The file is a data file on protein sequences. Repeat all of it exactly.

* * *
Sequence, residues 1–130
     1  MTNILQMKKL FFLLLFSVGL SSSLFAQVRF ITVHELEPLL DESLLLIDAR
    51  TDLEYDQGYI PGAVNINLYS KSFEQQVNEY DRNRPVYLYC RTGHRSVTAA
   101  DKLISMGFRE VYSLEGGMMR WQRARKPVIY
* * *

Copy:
Sequence, residues 1–130
     1  MTNILQMKKL FFLLLFSVGL SSSLFAQVRF ITVHELEPLL DESLLLIDAR
    51  TDLEYDQGYI PGAVNINLYS KSFEQQVNEY DRNRPVYLYC RTGHRSVTAA
   101  DKLISMGFRE VYSLEGGMMR WQRARKPVIY